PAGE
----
Nobel laureates visit UIC to mark anniversary
The Social Justice Initiative at UIC welcomed Nobel Peace laureates Leymah Gbowee and Jody Williams to campus Monday to mark the 100th anniversary of the Women’s International League for Peace and Freedom, a group whose first president was social reformer Jane Addams.
The nonprofit organization, with 30 international branches that promote women’s contributions to global peace efforts, teamed with the Nobel Women’s Initiative to sponsor the day-long event at Jane Addams Hull-House Museum on campus
More than 70 invited community activists, philanthropists, academics and campus leaders joined the laureates for discussions of gender peace movements around the world and to strategize ways to bring about greater social justice.
Gbowee, a 2011 Nobel recipient from Liberia, told the group that the celebration and Addams’ legacy as the first U.S. woman to receive the Nobel Peace Prize brought two principles to the forefront: human rights and nonviolence.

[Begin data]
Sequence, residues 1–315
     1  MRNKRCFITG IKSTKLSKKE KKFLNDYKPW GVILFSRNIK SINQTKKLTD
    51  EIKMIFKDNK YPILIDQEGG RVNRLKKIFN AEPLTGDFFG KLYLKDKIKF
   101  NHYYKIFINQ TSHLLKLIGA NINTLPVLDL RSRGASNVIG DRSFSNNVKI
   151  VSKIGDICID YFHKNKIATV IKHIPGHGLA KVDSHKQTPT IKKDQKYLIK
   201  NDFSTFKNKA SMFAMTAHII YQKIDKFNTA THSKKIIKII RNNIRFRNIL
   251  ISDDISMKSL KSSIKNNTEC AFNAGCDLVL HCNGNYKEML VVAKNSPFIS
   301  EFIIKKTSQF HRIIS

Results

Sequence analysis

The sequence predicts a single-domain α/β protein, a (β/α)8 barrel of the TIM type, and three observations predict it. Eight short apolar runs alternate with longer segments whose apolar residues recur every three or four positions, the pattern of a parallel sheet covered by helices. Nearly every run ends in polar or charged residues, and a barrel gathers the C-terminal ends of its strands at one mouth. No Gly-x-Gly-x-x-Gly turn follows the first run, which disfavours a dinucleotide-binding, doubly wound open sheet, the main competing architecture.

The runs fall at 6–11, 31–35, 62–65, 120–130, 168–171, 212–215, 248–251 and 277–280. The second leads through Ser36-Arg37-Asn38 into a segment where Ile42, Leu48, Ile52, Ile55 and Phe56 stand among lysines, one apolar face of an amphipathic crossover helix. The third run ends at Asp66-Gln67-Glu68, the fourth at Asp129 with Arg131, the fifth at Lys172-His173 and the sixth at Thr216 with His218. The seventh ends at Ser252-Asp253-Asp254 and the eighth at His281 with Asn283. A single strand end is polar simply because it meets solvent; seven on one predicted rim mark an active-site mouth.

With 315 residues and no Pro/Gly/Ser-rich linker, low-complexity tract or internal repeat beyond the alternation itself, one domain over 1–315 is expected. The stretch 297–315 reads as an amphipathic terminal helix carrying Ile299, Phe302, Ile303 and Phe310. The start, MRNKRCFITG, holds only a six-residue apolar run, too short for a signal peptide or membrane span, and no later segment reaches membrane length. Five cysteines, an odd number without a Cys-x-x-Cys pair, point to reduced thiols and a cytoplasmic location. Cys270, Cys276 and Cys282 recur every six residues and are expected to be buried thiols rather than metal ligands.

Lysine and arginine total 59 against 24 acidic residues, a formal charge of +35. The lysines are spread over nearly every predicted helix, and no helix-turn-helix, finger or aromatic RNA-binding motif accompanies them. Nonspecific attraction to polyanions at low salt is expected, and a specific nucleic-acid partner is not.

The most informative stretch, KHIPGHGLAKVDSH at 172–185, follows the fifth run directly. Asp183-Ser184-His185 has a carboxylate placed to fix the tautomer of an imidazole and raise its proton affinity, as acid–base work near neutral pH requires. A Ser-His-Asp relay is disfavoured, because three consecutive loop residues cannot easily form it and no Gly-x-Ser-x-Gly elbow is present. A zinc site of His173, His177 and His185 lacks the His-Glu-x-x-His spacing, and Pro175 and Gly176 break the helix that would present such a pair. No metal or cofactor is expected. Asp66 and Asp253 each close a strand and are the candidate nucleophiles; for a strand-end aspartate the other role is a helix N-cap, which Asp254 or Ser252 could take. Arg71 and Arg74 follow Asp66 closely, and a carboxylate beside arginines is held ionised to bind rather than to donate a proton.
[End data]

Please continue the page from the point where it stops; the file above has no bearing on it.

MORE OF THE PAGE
“When Jane Addams started the work that she did, I can just imagine it was not trending,” said Gbowee, a peace activist who help end the second Liberian civil war in 2003. “She began the entire conversation of people’s rights and that states should pay attention to it.”
While addressing social justice progress, UIC historian Barbara Ransby reflected on the contemporary efforts of young people.
“I am very uplifted by the brilliance, the courage, the determination to really build off the foundation of so many women who began fighting a hundred years ago,” said Ransby, director of the UIC Social Justice Initiative. “The spirit and legacy of those fights are very much the ground and foundation in which young women today are not only envisioning a better world, but demanding and making a better world for themselves and their communities.”
Those at the conference collaborated to develop a U.S. Peace and Freedom Statement that will be delivered next month during the league’s centennial congress at The Hague, Netherlands.
Closing remarks were delivered by Williams, the first UIC Social Justice Initiative fellow, who received a Nobel Prize in 1997 for her international campaign to ban land mines.
Other speakers included Eric Gislason, interim vice chancellor for academic affairs and provost; Astrida Orle Tantillo, dean of the College of Liberal Arts and Sciences; Steve Everett, dean of the College of Architecture, Design and the Arts; Terry Mazany, Chicago Community Trust president and CEO, Jennifer Scott, director of Hull-House Museum, and Mary Harrison, U.S. Women’s International League for Peace and Freedom section president.